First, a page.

This series of events is jointly organised by the community of probabilists -- in a very wide sense -- of Vienna (IST, TUW, UW) and Budapest (BME, ELTE, RI). The informal group of organisers consists (right now) of: Mathias Beiglböck, Nathanael Berestycki, László Erdős, Jan Maas, Miklós Rásonyi, Gábor Pete, Fabio Toninelli and Bálint Tóth.

The events will be held quasi-regularly, with one or two meetings per semester, consisting of three 50 minutes lectures. The location of the events will alternate between the two cities. All are welcome!

The first, inaugural, event is to be held in Budapest, at the Rényi Institute, on Friday, 6th of March 2020.





NATHANAEL BERESTYCKI (Uni Wien): Localisation of a random walk in dimensions $d \ge 3$

Abstract: We study a self-attractive random walk such that each trajectory of length $N$ is penalized by a factor proportional to $\exp(−|R_N |)$, where $R_N$ is the set of sites visited by the walk. We show that the range of such a walk is close to a solid Euclidean ball of radius approximately $\rho_d N^{1/(d+2) }$, for some explicit constant $\rho_d >0$. This proves a conjecture of Bolthausen (1994) who obtained this result in the case d = 2. Joint work with Raphael Cerf (Paris).



NINA HOLDEN (ETH Zürich): Cardy embedding of random planar maps

Abstract:I will present a joint work with Xin Sun where we prove that uniformly sampled triangulations converge to Liouville quantum gravity under a discrete conformal embedding which we call the Cardy embedding.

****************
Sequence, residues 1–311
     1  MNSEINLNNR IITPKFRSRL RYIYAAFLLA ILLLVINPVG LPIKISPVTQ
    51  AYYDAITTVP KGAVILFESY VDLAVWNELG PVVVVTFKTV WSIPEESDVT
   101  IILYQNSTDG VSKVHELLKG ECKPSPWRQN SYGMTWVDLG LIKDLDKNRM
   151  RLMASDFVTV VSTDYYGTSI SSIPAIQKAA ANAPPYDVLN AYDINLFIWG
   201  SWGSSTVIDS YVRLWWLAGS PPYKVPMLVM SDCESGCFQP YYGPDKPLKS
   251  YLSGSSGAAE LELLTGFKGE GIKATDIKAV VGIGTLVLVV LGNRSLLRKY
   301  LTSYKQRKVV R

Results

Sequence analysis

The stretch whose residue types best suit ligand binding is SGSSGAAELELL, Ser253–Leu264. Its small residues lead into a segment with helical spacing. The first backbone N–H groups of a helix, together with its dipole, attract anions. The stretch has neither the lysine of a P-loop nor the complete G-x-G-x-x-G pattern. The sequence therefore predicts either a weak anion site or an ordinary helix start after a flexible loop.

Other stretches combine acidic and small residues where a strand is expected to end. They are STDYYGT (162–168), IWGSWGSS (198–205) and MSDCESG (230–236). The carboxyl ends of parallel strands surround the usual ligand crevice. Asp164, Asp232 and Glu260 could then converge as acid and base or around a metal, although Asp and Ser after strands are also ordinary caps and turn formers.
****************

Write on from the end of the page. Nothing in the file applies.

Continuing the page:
BALÁZS RÁTH (TU Budapest=BME): On the threshold of spread-out contact process percolation

Abstract: In the (spread-out) d-dimensional contact process, vertices can be healthy or infected. With rate one infected sites recover, and with rate lambda they transmit the infection to some other vertex chosen uniformly within a ball of radius R. In configurations sampled from the upper stationary distribution, we study nearest-neighbor site percolation of the set of infected sites and describe the asymptotic behaviour of the associated percolation threshold as R tends to infinity. Joint work with Daniel Valesin.



After the seminar talks we will go out for dinner (going dutch) to some local restaurant. If you plan to join please do inform the local organizers (Gábor and/or Bálint) about this by Monday, 2nd of March.





The Rényi Institute is in the very centre of the city. Trains from Vienna arrive at Keleti Station (rather central) with an earlier stop at Kelenföld Station (not so central). The RI is easily accessible from either of these using public transport . Kelenföld is further out, but time-wise it could be faster to get off the train there and take the metro/underground (M4) or the tram (49) as indicated below.

Here is how to come to the RI using public transport:

From Kelenföld Railway Station

From Keleti Railway Station



Participants who wish to stay overnight in Budapest are kindly asked to make their own arrangements for accommodation.

Click here for hotels and hostels nearby the Rényi Institute (on Google maps).